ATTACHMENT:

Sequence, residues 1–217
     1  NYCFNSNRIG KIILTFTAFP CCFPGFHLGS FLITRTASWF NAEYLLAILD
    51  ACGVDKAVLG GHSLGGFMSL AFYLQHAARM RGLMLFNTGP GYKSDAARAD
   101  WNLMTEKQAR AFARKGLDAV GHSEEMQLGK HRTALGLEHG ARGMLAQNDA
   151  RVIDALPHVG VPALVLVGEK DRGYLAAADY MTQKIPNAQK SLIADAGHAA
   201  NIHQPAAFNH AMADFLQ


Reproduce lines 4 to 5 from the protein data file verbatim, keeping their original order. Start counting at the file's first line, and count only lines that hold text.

   101  WNLMTEKQAR AFARKGLDAV GHSEEMQLGK HRTALGLEHG ARGMLAQNDA
   151  RVIDALPHVG VPALVLVGEK DRGYLAAADY MTQKIPNAQK SLIADAGHAA